THE French woman who underwent the world’s first face transplant after being mauled by her dog has died, following more than a decade on powerful immunosuppressant drugs.
In 2005, Professor Bernard Devauchelle and Dr Jean-Michel Dubernard attached a graft of the nose, lips and chin of a brain-dead donor to replace parts of her destroyed face.
Dinoire’s body had rejected the transplant last year “and she had lost part of the use of her lips,” the French Le Figaro newspaper reported. She had developed two forms of cancer after years of taking drugs to prevent her body from rejecting the transplant.
In February 2006, three months after the dramatic operation, Dinoire appeared before the press wearing a black top and pink cardigan.
The blonde, blue-eyed mother-of-two appeared to be wearing thick makeup to disguise the scars as she spoke through her rigid lips.
“When I woke up, I tried to light a cigarette and I couldn’t understand why it didn’t stay between my lips. Then I saw the pool of blood and the dog next to me,” she said. “I went to look in the mirror and was horrified.”
But the 15-hour operation gave her a new lease on life — though one she had to adjust to with a different face staring back at her in the mirror.
“It’s not hers, it’s not mine, it’s somebody else’s,” she said in 2008. “Before the operation, I expected my new face would look like me but it turned out after the operation that it was half me and half her.”
Some 15 similar surgeries have been performed since 2005 — with the world’s first “full” face transplant taking place in Spain in 2010, when a shooting accident victim received a completely new set of features.
About a year ago, a former US firefighter underwent the most extensive facial transplant after being burned in 2001. Patrick Hardison received the face of David Rodebaugh, a 26-year-old bike mechanic who was killed in an accident, the Mirrorreported.
“Now I’m just the average guy walking down the street,” Hardison, 42, said on the anniversary of his operation at NYU Langone Medical Centre in New York. “People, they can look at me and tell something’s happened, but they would never look at me and think that I’d had a face transplant.”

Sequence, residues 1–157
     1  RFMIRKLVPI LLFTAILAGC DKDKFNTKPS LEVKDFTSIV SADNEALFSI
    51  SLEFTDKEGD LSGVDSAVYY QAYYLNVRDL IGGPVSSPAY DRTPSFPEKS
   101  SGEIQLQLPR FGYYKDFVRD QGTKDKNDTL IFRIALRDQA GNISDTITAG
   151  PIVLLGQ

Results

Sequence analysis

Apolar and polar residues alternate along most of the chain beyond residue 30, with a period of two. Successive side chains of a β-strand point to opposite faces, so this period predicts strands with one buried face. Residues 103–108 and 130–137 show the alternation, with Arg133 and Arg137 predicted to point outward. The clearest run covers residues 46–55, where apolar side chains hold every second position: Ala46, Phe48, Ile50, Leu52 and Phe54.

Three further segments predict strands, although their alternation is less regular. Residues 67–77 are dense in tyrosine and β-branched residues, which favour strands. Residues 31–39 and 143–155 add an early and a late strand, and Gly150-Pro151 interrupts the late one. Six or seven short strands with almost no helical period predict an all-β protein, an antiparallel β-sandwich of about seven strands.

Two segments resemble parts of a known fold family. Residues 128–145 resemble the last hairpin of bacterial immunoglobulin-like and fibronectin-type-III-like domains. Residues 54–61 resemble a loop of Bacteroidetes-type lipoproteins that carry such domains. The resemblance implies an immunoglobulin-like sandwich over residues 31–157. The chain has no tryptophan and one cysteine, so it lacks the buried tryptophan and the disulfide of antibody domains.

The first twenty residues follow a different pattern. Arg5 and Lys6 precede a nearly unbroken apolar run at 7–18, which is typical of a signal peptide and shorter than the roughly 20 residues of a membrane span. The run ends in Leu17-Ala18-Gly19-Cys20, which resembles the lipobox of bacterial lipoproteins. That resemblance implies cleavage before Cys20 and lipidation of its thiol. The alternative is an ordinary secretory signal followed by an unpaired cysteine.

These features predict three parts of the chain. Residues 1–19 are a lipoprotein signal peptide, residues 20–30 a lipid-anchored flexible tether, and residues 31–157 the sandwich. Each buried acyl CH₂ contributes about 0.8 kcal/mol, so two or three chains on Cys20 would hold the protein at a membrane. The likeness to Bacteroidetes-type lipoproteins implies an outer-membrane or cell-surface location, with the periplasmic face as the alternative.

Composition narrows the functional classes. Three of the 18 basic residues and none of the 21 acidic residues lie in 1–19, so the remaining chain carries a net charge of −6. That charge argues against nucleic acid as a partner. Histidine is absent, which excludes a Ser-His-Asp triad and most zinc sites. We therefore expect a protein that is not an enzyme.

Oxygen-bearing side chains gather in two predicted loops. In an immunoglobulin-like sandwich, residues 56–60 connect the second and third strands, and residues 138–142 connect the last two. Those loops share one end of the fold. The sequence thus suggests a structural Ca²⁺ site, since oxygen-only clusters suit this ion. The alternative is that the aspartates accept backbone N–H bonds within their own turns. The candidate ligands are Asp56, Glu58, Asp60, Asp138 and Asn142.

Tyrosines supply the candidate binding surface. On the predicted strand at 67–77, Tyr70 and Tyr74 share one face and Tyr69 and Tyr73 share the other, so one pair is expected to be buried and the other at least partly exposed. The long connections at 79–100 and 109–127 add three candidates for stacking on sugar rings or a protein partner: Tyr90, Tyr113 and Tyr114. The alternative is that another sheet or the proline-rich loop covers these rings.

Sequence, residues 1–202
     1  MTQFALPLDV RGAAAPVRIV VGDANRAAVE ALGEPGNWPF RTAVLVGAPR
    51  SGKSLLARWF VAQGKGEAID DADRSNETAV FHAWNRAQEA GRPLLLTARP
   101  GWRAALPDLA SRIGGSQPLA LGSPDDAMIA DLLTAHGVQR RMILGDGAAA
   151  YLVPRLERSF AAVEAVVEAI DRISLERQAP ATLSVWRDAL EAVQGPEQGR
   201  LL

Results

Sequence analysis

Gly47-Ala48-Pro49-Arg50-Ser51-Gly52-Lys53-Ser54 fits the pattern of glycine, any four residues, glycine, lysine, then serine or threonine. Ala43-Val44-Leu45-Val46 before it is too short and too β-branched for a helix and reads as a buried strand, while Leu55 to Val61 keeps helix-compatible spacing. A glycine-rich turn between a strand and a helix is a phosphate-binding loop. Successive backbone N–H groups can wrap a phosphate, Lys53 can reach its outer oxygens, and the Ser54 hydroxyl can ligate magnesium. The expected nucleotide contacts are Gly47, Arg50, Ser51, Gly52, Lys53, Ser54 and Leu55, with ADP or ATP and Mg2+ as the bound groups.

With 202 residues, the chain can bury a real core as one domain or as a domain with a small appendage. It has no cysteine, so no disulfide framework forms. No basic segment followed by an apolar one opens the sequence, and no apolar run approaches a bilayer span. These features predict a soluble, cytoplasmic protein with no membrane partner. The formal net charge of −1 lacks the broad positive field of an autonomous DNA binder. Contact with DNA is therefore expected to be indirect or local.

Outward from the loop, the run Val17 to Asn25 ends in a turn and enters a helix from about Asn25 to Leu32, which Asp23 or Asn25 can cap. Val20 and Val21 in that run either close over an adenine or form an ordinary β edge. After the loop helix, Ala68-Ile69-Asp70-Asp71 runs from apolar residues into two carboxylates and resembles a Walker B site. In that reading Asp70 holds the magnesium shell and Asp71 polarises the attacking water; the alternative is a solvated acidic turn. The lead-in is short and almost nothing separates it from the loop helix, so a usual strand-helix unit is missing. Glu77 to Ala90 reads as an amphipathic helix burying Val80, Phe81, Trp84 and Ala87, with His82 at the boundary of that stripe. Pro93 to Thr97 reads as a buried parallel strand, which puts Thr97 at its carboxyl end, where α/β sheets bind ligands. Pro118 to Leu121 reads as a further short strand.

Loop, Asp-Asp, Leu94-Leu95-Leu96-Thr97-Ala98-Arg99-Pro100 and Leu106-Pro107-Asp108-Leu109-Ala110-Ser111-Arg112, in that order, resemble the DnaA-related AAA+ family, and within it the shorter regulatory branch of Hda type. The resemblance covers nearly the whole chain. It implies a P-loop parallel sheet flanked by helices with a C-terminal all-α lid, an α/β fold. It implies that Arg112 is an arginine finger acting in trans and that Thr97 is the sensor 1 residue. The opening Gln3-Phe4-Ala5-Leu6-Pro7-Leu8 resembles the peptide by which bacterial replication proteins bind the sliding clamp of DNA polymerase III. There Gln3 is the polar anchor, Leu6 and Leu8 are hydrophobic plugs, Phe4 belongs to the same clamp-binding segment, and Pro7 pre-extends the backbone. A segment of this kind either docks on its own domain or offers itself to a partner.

- Pain or tenderness over the lump
- Size and tenderness will increase just before your period starts
- Size and tenderness will decrease when your period ends
Understand cystic acne. Acne is a general term that describes a variety of different types of pimples, blackheads, pustules, whiteheads and cysts. Cystic acne are nodules that are red, raised, often 2–4 mm in size and nodular and are the most severe form of acne. The infection in a cystic acne is deeper than that in other pustules or whiteheads. Cystic acne is painful.
Identify a ganglion cyst. These are the most common types of lumps found on the hand and wrist. They are not cancerous and often harmless. Filled with fluid, they can quickly appear, disappear or change in size. They do not require treatment unless they interfere with function or are unacceptable in appearance.
Determine if pain is from a pilonidal cyst. In this condition there is a cyst, abscess or dimple that forms in the crease between the buttocks that runs from the lower end of the spine to the anus. It can be caused from wearing tight clothing, excess body hair, sitting for long periods of time or obesity. Symptoms can include pus from the area, tenderness over the cyst, or the skin may be warm, tender or swollen near the tailbone. Or there may not be any symptoms beside a pit or dimple at the base of the spine.
Distinguish a Bartholin gland cyst. These glands are located on either side of the vaginal opening to lubricate the vagina. When the gland becomes obstructed, a relatively painless swelling forms called a Bartholin’s cyst. If the cyst is not infected you may not notice it. An infection can occur in a matter of days causing tenderness, fever, discomfort walking, pain with intercourse, and a tender, painful lump near the vaginal opening.
See a doctor for swelling in the testicles. All testicular swelling must be diagnosed by a physician to determine the differences between a cyst, cancerous growth, hydrocele or infection in the testicles. A testicular cysts, also called a spermatocele or epididymal cyst, is typically a painless, fluid-filled, noncancerous sac in the scrotum above the testicles. T
onsider getting a second opinion if you are not satisfied with your physician’s diagnosis and treatment. Although most epidermoid and pilar cysts do not require treatment from a physician, if you do seek medical advice and are not satisfied with the results seek a second opinion. Most sebaceous and epidermoid cysts are straightforward, but there are other conditions that may mimic these cysts.
In a case study written in the Royal College of Surgeons of England, the authors presented two cases in which melanoma and a deep oral cavity were originally mistaken for a sebaceous cyst.
There are a variety of other infectious processes that may be mistaken for a sebaceous cyst, including boils, furuncles and carbuncles.